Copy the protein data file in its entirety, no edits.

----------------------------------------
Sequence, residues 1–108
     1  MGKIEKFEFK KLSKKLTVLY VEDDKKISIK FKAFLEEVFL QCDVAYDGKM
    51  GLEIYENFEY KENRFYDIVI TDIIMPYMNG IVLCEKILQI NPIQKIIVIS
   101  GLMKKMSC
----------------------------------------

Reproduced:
Sequence, residues 1–108
     1  MGKIEKFEFK KLSKKLTVLY VEDDKKISIK FKAFLEEVFL QCDVAYDGKM
    51  GLEIYENFEY KENRFYDIVI TDIIMPYMNG IVLCEKILQI NPIQKIIVIS
   101  GLMKKMSC